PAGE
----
When I first got out of the institution, I saw my therapist 3 times a week and and an agency bring my medication to my house every day. (After over a year and a half of inpatient care, I still couldn't be trusted to take my pills as prescribed). I'm still with that therapist but now only go weekly. The agency that was bringing my meds would not come a lot of the time so I was not taking them regularly. It's a wonder that I made it through that period. that is around the time I nearly succeded with ending my life. One week in ICU then 5 days in a private hospital. I decided then that I would never attempt again.... So far so good


#7 fishinghat

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Posted 06 February 2015 - 05:45 PM

Lord how terrible Renee. I bet that after that experience you had a lot of insecurity and paranoia.

 

God Bless


#8 TryinginFL

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Posted 06 February 2015 - 06:35 PM

Renee,

 

I'm so sorry - what a horrible experience that must have been.  I am so happy for you that you made it where you are today.

 

My love, hugs and prayers dear one,

 

Liz


#9 DoneWithCrap

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Posted 06 February 2015 - 07:30 PM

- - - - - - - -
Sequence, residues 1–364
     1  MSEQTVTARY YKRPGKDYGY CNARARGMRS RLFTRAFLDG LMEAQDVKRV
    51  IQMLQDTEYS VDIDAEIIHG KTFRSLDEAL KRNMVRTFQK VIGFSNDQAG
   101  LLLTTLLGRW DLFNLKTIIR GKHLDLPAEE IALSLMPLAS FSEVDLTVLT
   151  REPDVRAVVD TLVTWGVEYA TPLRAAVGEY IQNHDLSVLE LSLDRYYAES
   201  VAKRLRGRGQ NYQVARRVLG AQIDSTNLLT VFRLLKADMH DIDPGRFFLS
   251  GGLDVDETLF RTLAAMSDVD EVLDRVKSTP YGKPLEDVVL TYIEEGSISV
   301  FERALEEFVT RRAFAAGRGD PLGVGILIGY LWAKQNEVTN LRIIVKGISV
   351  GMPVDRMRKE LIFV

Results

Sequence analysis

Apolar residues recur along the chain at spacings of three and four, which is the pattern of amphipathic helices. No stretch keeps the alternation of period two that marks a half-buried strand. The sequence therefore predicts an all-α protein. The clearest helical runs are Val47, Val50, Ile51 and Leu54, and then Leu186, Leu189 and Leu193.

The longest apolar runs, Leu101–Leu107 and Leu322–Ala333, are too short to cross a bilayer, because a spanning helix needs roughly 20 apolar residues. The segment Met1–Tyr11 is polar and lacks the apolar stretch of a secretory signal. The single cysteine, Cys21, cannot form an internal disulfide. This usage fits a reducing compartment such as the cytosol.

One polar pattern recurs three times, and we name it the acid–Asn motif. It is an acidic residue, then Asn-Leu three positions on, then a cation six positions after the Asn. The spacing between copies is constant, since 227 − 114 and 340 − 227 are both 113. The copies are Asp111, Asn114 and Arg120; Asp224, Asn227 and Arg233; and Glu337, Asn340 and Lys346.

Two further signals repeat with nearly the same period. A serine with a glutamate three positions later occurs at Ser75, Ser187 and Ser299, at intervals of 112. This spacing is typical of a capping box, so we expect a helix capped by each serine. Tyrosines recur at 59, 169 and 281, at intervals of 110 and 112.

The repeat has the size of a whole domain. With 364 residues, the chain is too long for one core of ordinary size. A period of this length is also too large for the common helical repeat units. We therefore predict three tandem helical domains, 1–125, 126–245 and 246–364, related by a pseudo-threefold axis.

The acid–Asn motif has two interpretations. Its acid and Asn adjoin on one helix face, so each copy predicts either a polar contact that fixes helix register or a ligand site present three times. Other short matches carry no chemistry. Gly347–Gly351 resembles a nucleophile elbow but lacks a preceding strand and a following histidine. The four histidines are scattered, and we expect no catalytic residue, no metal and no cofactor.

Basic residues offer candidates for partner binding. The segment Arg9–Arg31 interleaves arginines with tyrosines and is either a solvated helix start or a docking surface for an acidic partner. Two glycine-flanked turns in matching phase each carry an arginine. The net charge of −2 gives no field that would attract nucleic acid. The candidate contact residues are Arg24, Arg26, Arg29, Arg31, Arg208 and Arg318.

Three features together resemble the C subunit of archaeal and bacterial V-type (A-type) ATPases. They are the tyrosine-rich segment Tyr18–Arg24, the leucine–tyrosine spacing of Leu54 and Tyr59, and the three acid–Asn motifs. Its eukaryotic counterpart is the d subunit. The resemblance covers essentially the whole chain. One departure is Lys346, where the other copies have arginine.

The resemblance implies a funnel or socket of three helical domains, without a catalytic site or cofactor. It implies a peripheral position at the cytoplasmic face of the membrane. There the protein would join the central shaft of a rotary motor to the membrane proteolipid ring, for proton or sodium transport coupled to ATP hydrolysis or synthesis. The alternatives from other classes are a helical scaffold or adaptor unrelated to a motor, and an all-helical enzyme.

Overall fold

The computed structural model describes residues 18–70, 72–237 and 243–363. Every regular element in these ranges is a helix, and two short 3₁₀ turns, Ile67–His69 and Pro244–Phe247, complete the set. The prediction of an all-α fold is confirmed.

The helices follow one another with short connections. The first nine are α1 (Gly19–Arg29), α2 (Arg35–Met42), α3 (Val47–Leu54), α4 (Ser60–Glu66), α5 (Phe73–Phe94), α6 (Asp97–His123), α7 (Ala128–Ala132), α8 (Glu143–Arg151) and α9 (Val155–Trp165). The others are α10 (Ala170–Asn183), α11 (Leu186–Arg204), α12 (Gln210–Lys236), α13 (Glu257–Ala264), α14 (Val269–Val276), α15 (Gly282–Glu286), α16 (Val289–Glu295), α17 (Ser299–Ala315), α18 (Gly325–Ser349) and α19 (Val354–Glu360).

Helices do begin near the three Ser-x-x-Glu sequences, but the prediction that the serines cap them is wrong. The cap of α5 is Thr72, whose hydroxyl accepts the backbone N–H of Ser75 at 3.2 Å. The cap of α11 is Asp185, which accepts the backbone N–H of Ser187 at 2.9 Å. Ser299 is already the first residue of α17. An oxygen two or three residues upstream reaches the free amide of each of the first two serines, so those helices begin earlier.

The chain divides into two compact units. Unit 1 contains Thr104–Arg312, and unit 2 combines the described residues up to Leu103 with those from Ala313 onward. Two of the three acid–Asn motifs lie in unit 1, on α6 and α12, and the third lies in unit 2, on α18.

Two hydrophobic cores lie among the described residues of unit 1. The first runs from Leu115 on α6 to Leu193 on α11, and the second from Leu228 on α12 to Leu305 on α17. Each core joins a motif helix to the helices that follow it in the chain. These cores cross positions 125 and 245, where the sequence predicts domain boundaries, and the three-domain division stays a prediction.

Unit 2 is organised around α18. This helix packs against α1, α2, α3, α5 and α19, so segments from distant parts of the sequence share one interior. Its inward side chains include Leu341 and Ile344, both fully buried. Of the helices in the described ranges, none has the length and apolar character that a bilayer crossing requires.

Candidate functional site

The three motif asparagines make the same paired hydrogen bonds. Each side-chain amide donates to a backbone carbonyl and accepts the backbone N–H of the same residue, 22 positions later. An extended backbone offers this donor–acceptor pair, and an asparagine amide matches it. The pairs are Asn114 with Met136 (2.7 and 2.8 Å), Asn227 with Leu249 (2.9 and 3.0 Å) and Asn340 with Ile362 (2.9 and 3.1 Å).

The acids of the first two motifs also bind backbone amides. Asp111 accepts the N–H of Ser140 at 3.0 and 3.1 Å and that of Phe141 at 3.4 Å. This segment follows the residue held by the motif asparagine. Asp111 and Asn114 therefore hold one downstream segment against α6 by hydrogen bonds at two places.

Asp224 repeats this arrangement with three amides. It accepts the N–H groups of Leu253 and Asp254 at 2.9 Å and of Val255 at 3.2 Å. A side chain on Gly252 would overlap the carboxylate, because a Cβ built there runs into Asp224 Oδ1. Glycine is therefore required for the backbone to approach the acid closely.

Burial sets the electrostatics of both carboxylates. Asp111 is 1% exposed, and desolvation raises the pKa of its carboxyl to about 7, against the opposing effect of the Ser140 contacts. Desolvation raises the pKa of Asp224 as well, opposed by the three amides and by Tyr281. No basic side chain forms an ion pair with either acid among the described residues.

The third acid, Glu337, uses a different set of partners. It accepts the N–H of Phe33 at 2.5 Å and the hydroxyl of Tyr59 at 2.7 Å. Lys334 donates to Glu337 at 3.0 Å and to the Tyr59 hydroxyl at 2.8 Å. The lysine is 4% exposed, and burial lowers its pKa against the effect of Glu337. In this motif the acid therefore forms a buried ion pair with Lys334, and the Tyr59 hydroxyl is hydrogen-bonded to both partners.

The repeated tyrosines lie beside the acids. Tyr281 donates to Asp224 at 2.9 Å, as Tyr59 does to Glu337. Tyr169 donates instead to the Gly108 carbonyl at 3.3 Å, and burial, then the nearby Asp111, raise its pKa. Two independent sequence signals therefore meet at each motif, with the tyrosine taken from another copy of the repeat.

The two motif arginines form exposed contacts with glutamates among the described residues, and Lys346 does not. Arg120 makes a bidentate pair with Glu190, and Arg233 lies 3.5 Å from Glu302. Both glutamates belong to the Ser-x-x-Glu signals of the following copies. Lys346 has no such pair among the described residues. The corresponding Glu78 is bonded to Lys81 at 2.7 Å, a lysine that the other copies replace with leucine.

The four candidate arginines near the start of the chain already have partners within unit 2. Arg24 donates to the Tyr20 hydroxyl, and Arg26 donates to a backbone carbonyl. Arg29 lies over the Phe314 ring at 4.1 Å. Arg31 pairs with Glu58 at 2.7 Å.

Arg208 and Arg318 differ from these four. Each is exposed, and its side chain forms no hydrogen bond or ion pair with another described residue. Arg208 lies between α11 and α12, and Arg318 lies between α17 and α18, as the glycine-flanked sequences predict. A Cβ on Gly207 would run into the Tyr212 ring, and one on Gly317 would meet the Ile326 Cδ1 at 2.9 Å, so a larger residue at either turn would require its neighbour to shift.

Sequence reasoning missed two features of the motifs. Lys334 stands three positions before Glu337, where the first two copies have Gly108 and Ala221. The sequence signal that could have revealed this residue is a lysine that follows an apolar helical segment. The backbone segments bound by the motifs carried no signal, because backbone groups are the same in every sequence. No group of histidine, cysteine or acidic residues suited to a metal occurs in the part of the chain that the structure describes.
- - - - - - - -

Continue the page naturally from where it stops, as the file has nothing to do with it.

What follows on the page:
Thank you both for your support.

 

I know I wouldn't be doing as well as I am if it were not for this forum. This is the only place where there are people that believe my pain and depression are from withdrawal because if you have not been through it, you just can't understand.

 

I have been insecure my entire life. Always full of self hate and never believed I deserved anything nice. When the ACT agency wouldn't bring my meds, I convinced myself that they wanted me to kill myself or at least they didn't care if I did. It was a hellacious time for me and my family. At that time I needed to be put into "zombie" mode. It was the on;y way to keep me from hurting myself.

 

I'm ready to start living again. (If I say it enough times, maybe I'll believe it :unsure: ) Right now my shoulder hurts so much I wish I could knock myself out. I'm tired of talking to the doctor about it and getting nowhere. 

 

I think I put myself in a bad mood by remembering the bast. The joint pain is adding to my misery.

 

Good night friends 


#10 TryinginFL

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Posted 06 February 2015 - 07:45 PM

Renee,

 

I know the pain is bad...

 

I'm so happy that you have found us too - we will always be here for you!  Please come here whenever you are really down or in pain - the support will always be here -  this is your home!  


#11 DoneWithCrap

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Posted 06 February 2015 - 08:04 PM

TFL, you truly are God-Like :hug: